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California Supreme Court Limits Employers’ Defenses Against PAGA Claims

There has long been a split in appellate authority as to whether trial courts have the inherent authority to strike PAGA claims based on manageability. To consider this issue, the California Supreme Court granted review in Estrada v. Royalty Carpet Mills, Inc. There, the Court held that trial courts do not have the inherent authority to strike PAGA claims on manageability grounds, further limiting employers’ few defenses to PAGA claims. In doing so, the Court highlighted the “tools” available to employers to supposedly limit the scope of PAGA claims.

Jorge Estrada, who was later joined by additional plaintiffs, filed two actions against his former employer, a class action and a PAGA action for various alleged Labor Code violations. Following a bench trial, the trial court decertified two subclasses reasoning there were too many individualized issues to support class treatment and also dismissed the PAGA claim on manageability grounds. The plaintiffs appealed, and the Court of Appeal reversed Royalty Carpet Mills then petitioned the California Supreme Court for review, arguing that trial courts possess the inherent authority to strike unmanageable claims for reasons of judicial economy, or, at a minimum, may strike PAGA claims in particular on manageability grounds. The California Supreme Court rejected both arguments.

The Supreme Court held that trial courts do not have broad inherent authority to strike any type of claim in order to promote judicial economy. The Court explained that trial courts possess only a tightly circumscribed inherent power to dismiss with prejudice. The Court noted that, in the past, “the inherent power to dismiss claims has been confined to two types of situations: (1) the plaintiff has failed to prosecute diligently; or (2) the complaint has been shown to be fictitious or sham such that the plaintiff has no valid cause of action.” However, the Court did acknowledge the possibility of seeking dismissal on due process grounds, which were not present in the case before it.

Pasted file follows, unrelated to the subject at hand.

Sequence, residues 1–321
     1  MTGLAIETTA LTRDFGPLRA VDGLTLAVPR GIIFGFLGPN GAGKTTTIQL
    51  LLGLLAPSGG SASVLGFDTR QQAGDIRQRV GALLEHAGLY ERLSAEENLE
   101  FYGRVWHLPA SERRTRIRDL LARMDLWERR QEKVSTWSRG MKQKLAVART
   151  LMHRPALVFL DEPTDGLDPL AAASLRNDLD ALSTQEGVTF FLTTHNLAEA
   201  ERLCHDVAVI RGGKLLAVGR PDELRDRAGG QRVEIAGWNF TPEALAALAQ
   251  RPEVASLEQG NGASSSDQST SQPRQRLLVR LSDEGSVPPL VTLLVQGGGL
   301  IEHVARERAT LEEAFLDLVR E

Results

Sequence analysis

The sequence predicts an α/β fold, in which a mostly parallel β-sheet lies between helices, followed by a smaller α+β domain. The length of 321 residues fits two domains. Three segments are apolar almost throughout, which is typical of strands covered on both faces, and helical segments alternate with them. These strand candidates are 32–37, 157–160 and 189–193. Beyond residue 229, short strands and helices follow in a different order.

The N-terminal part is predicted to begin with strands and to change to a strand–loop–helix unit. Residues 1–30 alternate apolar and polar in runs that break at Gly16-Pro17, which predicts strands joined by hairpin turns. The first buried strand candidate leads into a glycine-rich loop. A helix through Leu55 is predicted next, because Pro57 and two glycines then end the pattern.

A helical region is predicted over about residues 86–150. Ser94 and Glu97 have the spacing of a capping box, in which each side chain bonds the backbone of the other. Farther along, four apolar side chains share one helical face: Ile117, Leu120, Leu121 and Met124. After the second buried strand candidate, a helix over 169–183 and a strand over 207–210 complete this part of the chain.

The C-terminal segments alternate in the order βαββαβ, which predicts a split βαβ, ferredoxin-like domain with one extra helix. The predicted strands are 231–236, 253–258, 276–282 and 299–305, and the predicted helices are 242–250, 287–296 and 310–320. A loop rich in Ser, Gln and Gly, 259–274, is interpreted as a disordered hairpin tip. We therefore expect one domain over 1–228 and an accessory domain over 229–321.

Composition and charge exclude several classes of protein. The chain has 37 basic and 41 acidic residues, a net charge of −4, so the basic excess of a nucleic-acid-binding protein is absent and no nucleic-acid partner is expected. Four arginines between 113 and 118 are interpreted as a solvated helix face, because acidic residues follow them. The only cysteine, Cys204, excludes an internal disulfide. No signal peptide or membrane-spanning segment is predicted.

Additionally, in rejecting Royalty’s argument that, PAGA claims may be dismissed on manageability grounds, the Court reiterated that PAGA actions are not class actions. Because of this, it would be inappropriate, and contrary to the Legislature’s intent to maximize the enforcement of labor laws, to impose a class-action-based manageability requirement on PAGA actions. In short, while manageability may warrant the use of case management techniques to reduce the scope of PAGA claims, employers may not seek to strike PAGA claims based solely on manageability.

The Court clarified that trial courts, and employers, continue to have a variety of tools in their arsenal. Specifically, the Court stated that trial courts may limit PAGA claims via demurrer or motion for summary judgment or judgment notwithstanding the verdict, provided the circumstances warrant such rulings. Additionally, trial courts may limit the evidence presented at trial, thereby incentivizing plaintiffs to ensure that their PAGA claims are manageable. Limiting the evidence plaintiffs may present could redefine the group of “aggrieved employees” or even limit the claims a plaintiff can establish. The Court also noted that employers may limit the number of aggrieved employees through evidence that “reveals the generalized characteristics of a population, such as representative testimony, surveys, and statistical analysis.” The Court leaves open the possibility of dismissal on due process grounds (but did not detail when this might be appropriate).

California employers have grappled with PAGA for years, and the California Supreme Court’s Estrada decision shows that employers will continue struggle when defending against PAGA claims. It remains to be seen how practical or effective the Court’s suggested tools are at stemming the PAGA tide. Contact your Vorys lawyer if you have questions about PAGA claims or California employment law compliance.

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